|Wing ribs of a de Havilland DH.60 Moth|
By analogy with the anatomical definition of "rib", the ribs attach to the main spar, and by being repeated at frequent intervals, form a skeletal shape for the wing. Usually ribs incorporate the airfoil shape of the wing, and the skin adopts this shape when stretched over the ribs.
Type of ribs
There are several types of ribs. Form-ribs, plate-type ribs, truss ribs, closed-ribs, forged ribs and milled ribs, where form-ribs are used for light to medium loading and milled ribs are as strong as it can get.
Form-ribs are made from a sheet of metal bent into shape, such as a U-profile. This profile is placed on the skin, just like a stringer, but then in the other direction.
Plate-type ribs consist of sheet-metal, which has upturned edges and (often has) weight-saving holes cut into it.
Truss ribs are built up out of profiles that are joined together. These joints require great attention during design and manufacture. The ribs may be light or heavy in design which make them suitable for a wide range of loads.
Closed-ribs are constructed from profiles and sheet metal and are suitable for closing off sections of the wing (e.g.: the fuel tank). Here too, particular care must be taken with the joints and this type of rib is also suitable for application in a variety of loading conditions.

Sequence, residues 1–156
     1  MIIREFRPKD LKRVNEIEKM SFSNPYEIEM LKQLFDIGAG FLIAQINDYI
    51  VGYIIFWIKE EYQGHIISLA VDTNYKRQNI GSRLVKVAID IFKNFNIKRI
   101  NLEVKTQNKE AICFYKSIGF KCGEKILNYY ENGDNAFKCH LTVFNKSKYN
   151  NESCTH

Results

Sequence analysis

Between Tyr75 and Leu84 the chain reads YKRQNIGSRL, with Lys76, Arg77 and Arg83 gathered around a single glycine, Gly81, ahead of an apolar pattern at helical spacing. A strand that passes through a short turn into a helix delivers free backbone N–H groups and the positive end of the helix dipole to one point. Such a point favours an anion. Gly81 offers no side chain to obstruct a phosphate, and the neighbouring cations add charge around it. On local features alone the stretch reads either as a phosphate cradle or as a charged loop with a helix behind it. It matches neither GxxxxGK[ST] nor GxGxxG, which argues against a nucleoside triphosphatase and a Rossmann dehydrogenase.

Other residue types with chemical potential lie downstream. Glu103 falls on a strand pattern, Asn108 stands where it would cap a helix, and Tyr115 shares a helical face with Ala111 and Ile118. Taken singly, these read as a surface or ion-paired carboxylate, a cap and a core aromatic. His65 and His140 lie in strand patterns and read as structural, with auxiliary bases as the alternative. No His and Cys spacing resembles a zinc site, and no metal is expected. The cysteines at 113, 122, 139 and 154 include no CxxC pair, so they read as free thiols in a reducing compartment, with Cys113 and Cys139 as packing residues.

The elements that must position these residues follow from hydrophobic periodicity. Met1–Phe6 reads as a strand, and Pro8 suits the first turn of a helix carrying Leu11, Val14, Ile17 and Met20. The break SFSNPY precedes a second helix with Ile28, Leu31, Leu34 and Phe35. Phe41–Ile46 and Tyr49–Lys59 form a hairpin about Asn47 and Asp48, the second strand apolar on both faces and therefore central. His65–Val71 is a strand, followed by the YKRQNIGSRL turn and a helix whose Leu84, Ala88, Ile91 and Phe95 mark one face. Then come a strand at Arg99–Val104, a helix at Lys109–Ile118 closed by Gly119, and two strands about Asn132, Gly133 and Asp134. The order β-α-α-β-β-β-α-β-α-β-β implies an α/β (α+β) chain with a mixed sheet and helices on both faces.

Forged ribs are manufactured using heavy press-machinery. The result is fairly rough; for more refined parts, high-pressure presses are required, which are very expensive. Forged pieces (usually) have to undergo further treatment (for smoother edges and holes). Forged ribs are used for sections where very high loads apply - near the undercarriage for example.
Milled ribs are solid structures. They are manufactured by milling away excess material from a solid block of metal (usually using computer-controlled milling machines). The shape of these ribs is always accurately defined. Such ribs are used under similar conditions as those for forged ribs.
Ribs are made out of wood, metal, plastic, composites, foam. The wings of kites, hang gliders, paragliders, powered kites, powered hang gliders, ultralights, windmills  are aircraft that have versions that use ribs to form the wing shape.
For full size and flying model aircraft wing structures that are usually made of wood, ribs can either be in one piece (forming the airfoil at that rib's "station" in the wing), or be in a three-piece format, with the rib web being the part that the one-piece rib consisted of, with capstrips for the upper and lower edging of the rib, running from the leading edge to the trailing edge, being the other two component parts.